How to Design a Successful Workshop
Workshops are a great way to get your team aligned and moving quickly. I design workshops to meet my client where they are and get them to their destination. I never want to be part of a workshop that doesn’t help teams achieve results.
At the same time, a workshop needs to be something repeatable, reliable, and teachable for our business. The approach I’ve developed for our team is modular. We use different exercises to achieve the client's needs and slot them in.
We start by asking three simple questions and then answer them through interviews, observation, and our own research. The three questions are as follows:
Where do we want to go?
- What are we trying to achieve in the workshop?
- What needs to be accomplished so we can move this idea, project, initiative, or strategy forward?
Where are we?
- Where does the sponsor/client think the group is? Where does the team think they are?
- What are the blockers?
- What major roadblocks lie ahead?
- Does the team have a clear picture of the path ahead or is it constantly changing?
How do we get there?
Imagine a creek crossing with rocks of different shapes, sizes, and degrees of slipperiness. There are many paths to get across, but you have to focus on picking one rock at a time.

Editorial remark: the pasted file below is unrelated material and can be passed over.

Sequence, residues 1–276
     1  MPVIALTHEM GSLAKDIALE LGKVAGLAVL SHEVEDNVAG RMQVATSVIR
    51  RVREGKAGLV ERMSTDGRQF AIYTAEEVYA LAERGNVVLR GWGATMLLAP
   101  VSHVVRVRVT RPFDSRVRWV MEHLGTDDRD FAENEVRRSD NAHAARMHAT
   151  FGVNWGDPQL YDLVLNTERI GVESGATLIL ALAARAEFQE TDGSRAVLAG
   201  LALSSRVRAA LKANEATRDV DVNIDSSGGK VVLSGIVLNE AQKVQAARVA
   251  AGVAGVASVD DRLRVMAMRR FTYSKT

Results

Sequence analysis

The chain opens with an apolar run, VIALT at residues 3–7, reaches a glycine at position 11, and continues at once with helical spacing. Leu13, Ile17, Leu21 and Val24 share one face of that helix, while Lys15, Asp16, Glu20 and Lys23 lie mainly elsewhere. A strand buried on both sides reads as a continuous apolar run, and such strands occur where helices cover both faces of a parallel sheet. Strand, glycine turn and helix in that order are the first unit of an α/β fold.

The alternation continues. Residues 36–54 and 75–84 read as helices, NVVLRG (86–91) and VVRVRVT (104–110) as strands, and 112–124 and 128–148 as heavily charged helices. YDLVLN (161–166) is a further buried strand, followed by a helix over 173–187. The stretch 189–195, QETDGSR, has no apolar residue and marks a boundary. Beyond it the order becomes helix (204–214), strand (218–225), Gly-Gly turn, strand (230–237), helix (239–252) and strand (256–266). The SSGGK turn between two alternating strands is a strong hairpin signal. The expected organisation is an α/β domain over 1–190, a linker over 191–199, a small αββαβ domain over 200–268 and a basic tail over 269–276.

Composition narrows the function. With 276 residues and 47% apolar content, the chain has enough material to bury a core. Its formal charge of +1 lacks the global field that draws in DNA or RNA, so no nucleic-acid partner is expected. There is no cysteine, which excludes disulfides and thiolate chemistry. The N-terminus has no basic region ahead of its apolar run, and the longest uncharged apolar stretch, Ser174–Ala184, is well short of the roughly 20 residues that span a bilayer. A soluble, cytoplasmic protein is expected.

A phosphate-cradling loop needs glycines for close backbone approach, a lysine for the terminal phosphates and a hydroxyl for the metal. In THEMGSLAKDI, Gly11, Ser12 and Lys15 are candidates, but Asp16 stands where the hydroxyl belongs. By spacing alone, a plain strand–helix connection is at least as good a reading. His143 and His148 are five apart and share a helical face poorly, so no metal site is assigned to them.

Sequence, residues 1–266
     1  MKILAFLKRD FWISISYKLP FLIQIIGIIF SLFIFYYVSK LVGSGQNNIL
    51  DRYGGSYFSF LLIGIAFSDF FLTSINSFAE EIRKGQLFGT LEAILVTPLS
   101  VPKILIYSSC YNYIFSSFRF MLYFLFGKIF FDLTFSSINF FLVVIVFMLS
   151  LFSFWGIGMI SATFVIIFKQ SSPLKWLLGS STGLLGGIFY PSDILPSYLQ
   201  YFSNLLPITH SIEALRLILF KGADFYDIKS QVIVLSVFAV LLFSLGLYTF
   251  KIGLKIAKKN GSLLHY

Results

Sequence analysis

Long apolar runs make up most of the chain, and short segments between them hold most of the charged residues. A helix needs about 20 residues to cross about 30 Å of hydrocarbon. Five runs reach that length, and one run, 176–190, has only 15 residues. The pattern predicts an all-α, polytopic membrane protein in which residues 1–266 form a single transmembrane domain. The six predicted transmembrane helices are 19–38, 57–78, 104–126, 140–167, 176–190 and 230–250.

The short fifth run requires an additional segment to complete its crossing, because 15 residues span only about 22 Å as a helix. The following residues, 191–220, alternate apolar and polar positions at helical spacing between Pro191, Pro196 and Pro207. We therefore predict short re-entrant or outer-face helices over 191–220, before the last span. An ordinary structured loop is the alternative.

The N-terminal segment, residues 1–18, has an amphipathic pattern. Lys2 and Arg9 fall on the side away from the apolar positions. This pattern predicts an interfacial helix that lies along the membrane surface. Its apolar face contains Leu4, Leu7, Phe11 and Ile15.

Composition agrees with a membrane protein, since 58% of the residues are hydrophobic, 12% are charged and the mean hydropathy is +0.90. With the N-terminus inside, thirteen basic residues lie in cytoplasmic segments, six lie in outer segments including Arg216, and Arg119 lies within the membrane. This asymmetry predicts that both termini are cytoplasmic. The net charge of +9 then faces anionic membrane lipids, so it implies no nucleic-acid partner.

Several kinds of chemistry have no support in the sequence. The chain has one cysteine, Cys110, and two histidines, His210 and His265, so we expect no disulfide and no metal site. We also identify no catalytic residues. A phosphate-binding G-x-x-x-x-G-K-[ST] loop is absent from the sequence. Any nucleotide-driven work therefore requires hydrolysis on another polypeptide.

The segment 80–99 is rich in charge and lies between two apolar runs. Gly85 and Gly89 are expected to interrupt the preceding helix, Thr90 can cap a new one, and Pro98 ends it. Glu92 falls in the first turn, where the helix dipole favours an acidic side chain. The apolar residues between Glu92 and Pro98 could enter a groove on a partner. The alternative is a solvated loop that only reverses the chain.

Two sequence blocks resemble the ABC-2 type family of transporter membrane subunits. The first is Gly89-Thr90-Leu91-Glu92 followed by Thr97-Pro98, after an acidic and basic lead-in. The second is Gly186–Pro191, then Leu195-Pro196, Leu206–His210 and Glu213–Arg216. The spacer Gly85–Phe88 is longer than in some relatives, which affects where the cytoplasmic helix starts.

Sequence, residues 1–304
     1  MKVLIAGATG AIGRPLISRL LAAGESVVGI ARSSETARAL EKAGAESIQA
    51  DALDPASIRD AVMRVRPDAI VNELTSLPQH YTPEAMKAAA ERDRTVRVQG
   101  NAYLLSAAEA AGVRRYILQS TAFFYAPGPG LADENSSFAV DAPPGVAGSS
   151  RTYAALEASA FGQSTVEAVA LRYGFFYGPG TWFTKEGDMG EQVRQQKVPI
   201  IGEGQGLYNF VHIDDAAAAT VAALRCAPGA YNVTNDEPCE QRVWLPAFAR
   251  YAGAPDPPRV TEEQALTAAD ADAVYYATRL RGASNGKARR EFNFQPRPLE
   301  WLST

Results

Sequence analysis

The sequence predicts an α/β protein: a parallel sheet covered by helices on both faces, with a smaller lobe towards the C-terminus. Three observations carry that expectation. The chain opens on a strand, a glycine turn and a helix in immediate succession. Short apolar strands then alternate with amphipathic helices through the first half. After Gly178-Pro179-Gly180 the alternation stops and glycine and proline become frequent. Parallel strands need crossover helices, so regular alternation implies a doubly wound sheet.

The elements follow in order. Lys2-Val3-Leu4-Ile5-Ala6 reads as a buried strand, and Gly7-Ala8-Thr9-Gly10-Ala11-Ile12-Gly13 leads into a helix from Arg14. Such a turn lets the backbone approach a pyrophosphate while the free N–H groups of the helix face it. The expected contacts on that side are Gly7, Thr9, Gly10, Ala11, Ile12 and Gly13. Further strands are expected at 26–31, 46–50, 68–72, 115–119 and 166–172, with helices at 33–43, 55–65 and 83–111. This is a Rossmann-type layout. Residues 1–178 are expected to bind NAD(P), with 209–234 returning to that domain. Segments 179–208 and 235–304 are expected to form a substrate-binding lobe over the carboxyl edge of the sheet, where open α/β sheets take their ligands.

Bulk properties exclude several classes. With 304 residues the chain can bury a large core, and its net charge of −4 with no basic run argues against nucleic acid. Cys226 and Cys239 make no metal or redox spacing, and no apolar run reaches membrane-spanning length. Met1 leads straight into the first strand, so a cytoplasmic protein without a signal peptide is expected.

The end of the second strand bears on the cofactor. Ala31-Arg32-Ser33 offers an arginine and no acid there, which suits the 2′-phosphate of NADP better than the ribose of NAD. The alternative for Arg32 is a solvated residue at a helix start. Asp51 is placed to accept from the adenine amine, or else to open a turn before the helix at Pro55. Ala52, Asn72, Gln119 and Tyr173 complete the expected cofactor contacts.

- What do you need to achieve with each step, since you only get a few of them?
- What exercise will help achieve that step?
- How do you tailor it?
Putting it Together
To bring this all together, I gather my team and draw something like this on a white board. The number of boxes represent the steps that will best fit in the chosen time period (usually a day). I aim for an hour per activity, because after that people lose focus.
We talk about what needs to be accomplished in each step and which activity will work best. Having different activities is important because it provides a variety of interaction and allows for both extraverts and introverts to participate in their own ways.
The last step is to create an action plan. We never want a client to walk away without knowing how to go forward.
Having a plan is critical, even if you throw it out in the first hour (which I have done). Going through this process ensures you are solving for the right things and gets you to plan B in a hurry.